For many years, it was believed that birds – and pigeons in particular – were not capable of any intelligent acts. However, Professor Michael Colombo, from the University of Otago, New Zealand is keen to change these views. It turns out pigeons can learn to count and recognise words just as well as monkeys. Despite not having a cortex – a part of the brain associated with intelligence in primates – birds can learn and master complicated new skills
When you think about all the intelligent animals in the world, birds are probably not top of the list. These feathery creatures are not known for their intellectual ability and thinking skills. In fact, calling somebody a ‘birdbrain’ or a ‘featherbrain’ is seen as an insult. This is the view held not only by the general public but by most scientists as well.
In the 1960s, there were some attempts to go against the grain and show that birds are just as capable as monkeys, but any achievements – no matter how impressive – were simply dismissed as mere party tricks. It was as if birds could only show these behaviours because they were trained to repeat them, whereas, for primates, these behaviours were part of their natural abilities.
In the 1980s and 1990s, this perception started to change slightly. It all started with scrub jays, a colourful and bright member of the corvid family. These small birds can remember past events, including when, where and what happened, can take into account the perspective of others, and have the ability to plan for the future.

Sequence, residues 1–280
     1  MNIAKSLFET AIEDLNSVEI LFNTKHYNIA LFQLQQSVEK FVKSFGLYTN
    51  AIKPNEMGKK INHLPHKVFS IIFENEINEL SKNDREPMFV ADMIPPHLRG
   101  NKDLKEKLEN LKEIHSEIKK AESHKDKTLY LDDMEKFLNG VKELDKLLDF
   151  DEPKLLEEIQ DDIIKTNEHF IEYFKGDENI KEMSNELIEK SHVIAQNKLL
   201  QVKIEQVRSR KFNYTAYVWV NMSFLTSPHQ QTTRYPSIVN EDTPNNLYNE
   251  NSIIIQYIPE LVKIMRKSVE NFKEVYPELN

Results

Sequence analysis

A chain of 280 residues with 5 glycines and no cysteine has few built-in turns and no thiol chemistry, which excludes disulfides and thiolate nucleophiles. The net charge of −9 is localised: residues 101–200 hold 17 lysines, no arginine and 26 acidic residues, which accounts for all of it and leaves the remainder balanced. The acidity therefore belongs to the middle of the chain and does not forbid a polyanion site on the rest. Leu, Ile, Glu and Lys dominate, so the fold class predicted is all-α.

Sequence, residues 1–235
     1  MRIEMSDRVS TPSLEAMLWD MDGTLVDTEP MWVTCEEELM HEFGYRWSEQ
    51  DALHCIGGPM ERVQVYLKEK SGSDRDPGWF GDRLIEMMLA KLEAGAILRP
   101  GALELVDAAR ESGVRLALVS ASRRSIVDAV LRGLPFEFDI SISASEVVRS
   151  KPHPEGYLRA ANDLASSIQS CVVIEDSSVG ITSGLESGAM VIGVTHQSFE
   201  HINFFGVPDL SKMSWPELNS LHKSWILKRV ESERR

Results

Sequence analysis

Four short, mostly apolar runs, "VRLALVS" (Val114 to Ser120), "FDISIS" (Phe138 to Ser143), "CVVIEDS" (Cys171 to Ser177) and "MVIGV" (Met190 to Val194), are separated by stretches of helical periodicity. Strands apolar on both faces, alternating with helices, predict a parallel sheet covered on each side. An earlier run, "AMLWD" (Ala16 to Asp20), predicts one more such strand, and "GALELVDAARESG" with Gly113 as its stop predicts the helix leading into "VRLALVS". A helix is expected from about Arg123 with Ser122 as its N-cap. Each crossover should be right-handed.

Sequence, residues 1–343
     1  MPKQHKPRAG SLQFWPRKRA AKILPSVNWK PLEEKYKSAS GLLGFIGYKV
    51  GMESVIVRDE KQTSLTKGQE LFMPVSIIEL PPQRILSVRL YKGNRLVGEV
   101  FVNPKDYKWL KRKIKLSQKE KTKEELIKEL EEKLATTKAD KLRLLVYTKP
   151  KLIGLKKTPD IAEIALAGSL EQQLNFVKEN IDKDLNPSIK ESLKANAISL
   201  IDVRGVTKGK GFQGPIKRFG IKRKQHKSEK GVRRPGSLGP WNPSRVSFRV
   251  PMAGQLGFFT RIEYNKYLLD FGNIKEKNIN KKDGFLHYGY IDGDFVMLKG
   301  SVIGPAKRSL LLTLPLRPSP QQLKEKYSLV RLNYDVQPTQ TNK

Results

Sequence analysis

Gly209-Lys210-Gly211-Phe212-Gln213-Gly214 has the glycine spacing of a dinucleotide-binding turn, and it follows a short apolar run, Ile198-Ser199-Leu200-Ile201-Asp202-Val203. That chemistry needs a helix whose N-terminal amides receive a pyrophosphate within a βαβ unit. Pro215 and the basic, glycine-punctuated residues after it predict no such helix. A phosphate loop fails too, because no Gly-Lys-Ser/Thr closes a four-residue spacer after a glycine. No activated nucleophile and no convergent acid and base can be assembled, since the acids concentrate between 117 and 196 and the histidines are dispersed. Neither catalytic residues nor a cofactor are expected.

After these studies, the idea that all birds are dumb was overturned, and parrots and crows were elevated to ‘feathered apes’. The rest of the bird world, however, including the lowly pigeon, continued to be considered brainless and mindless creatures incapable of original thought.
Finally, in the 1990s, it all changed for pigeons. Fascinating experiments showed that researchers had far underestimated their mental abilities. Like the one from Shigeru Watanabe’s lab in Keio University in Tokyo, where pigeons were trained as ‘art critics’ and learnt to distinguish between Picasso’s and Monet’s paintings.
Keen to understand how the pigeon brain works, Professor Michael Colombo and his team from the University of Otago, New Zealand have been training these birds to overcome some tough and gruelling challenges. The big question is, how will these birds fare in such challenges when compared to monkeys?
Can birds learn to count and read?
The first challenge was learning to count. Humans are privileged to have advanced numerical abilities, but it’s believed these skills are built on an approximate number system which is certainly not exclusive to us.
It should not come as a surprise that monkeys can understand this concept. For example, Elisabeth Brannon and Herb Terrace, from Columbia University, New York, taught their monkeys to order images from one to four items. The monkeys had to first touch the picture with one item, then two items, then three items, and finally, four items. Not only did the monkeys learn to play the game very quickly with up to four items, but they also manage to extrapolate the concept to learn by themselves to count from five to nine.